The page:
Monday, February 15, 2016

Cassette Review: Holy Hum + Stephen Carl O'Shea "Midnight Music" (Heavy Lark Records)

[$8 CAD // Edition of 250 //]

One of the things which always pleases me about music is when either the artist name or title of the cassette makes sense in regards to the overall sound.   I mean, you wouldn't call your band "Tiny Pianos" and not feature any pianos in it but rather instead have loud, death metal up front, right?   Unless you were trying to be ironic which, yeah, don't do that.    I haven't really given a lot of thought to the name Holy Hum and Stephen Carl O'Shea is just a proper name so it is only fitting I would find the comparisons in this music best related to the title of this cassette.

"Midnight Music" begins with beats somewhere between Resident Evil and ALIAS.    It turns into a slower grinding and then becomes a glowing tin.    This evolves into a chugging/jingling with background whirrs as if we are trucking into the void.     Side A is split into these two pieces and though I don't realize it the first time that I listen to this cassette through, this is actually what would come leading up to midnight, perhaps, as it is sort of that preperation and late night feel but not too late into the night yet.   Again, this doesn't become as apparent until you hear Side B.

Haunting, yet still jingling with eerie whirrs we are taken into a definitive rhythm.    It begins to feel as if it is winding down and this is what is to be expected- based upon the intensity of Side A as well- if it is getting later into the night, past midnight even and the body is beginning to grow tired.     In that sense it does feel as if we started off hard and fast and are gradually slowing down to the point where we are almost going to sleep here.   But then it comes back with a rock ringing and it begins to sound like it could go into The Who song "Who Are You".  

I know we've all felt that feeling before- or at least I have- when you're out somewhere and perhaps you even know you have a long drive ahead of you.   It's getting to be 2 am and you haven't slept so you're thinking "I'm tired, I have to go", but by the time you get into your car and drive you get this unexpected burst of energy so that by the time you get home you are unable to fall asleep.     I drove long distances a lot in my youth and much to the dislike of my parents would often not come home until 7 am or so and it's funny because at those times I'd just not feel nearly as tired as I look back now and thought I should have.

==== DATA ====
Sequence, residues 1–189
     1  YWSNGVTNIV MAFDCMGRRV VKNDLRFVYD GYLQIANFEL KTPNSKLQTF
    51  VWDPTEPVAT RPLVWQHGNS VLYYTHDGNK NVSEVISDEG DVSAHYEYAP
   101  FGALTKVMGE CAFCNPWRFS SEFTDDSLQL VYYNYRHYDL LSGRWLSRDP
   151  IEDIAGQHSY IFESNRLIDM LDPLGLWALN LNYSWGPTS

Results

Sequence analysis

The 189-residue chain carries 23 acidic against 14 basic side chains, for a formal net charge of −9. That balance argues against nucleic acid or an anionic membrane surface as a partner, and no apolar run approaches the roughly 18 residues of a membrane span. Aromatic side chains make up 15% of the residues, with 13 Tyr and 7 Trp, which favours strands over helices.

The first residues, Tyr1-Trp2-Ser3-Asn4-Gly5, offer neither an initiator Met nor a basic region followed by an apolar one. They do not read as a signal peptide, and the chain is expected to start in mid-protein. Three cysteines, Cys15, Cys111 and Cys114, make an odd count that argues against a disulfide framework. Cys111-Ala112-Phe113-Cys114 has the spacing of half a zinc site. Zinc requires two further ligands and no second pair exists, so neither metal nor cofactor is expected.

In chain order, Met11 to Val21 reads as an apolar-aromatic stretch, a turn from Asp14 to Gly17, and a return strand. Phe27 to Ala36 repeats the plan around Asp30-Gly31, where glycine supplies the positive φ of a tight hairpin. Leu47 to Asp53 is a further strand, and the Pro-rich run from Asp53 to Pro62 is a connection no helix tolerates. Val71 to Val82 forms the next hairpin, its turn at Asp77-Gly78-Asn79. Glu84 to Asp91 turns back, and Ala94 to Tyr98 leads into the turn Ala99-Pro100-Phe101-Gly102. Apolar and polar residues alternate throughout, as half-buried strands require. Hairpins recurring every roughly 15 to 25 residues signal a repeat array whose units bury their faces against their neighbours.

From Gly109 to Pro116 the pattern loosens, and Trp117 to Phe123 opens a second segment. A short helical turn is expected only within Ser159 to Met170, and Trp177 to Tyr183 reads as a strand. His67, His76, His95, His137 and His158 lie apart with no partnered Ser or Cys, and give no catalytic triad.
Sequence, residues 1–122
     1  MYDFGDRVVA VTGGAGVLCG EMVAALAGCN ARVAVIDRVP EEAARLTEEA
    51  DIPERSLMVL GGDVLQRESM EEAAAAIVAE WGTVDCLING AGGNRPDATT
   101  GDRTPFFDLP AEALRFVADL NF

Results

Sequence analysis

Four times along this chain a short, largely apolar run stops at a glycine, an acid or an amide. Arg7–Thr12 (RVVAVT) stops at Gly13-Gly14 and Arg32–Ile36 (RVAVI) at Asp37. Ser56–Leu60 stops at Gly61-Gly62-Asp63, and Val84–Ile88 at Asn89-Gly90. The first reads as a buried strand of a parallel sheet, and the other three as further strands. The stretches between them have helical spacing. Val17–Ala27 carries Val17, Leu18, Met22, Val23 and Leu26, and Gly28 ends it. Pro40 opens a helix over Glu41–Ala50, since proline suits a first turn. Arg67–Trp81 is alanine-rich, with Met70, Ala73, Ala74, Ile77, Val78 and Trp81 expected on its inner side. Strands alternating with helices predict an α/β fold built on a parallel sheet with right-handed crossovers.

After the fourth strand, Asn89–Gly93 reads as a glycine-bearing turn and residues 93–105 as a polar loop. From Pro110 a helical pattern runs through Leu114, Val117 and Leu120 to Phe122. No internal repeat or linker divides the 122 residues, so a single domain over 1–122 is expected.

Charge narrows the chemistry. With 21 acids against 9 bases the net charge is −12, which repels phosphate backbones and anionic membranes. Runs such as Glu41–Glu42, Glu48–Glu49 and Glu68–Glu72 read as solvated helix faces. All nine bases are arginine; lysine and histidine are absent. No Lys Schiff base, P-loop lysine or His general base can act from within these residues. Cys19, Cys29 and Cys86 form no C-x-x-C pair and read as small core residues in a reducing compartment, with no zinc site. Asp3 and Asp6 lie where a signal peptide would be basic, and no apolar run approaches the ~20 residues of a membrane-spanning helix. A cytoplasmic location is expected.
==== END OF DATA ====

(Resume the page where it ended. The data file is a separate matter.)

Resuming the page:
"Midnight Music" also plays a rather nice audio trick on me as I have heard a handful of other cassettes do but yet it still seems somewhat rare: Side A feels a lot shorter than Side B.    Why I always find this strange is because cassettes have to be equal in overall length (so if Side A is 30 minutes then Side B is also 30 minutes) but you can have different lengths of music on each side but it would result in potentially a lot of dead air.    This doesn't have that dead air on Side A and yet it feels like Side A goes by in fifteen minutes and Side B could be at least double that.    And I'm not saying that in a bad way about either side because it just feels like there is so much more going on during Side B in terms of songs.    But if I could ever figure out why this played tricks on my ears it would lose some of its magic.

One thing I've always felt about music is that truly great music can be experienced at any time.   I've always said this in regards to holiday music because no one wants to hear someone singing about "Jingle Bells" in August or whatever.   And while you could argue that "Midnight Music" could be listened to and enjoyed at any point in time (And I listened to it at various points in time, even during the afternoon) it really is best experienced after dark and during the midnight hours, as the title suggests.   Does that mean it is a lesser form of music such as Christmas music?   Absolutely not.    There has to be exceptions to every rule and, well, when you're making the rules it doesn't really matter anyway.   I would just prefer to listen to this cassette by Holy Hum + Stephen Carl O'Shea when it is dark out but it can be enjoyed at any time.    The next time I listen to it I want it to be when it is dark outside during the day.

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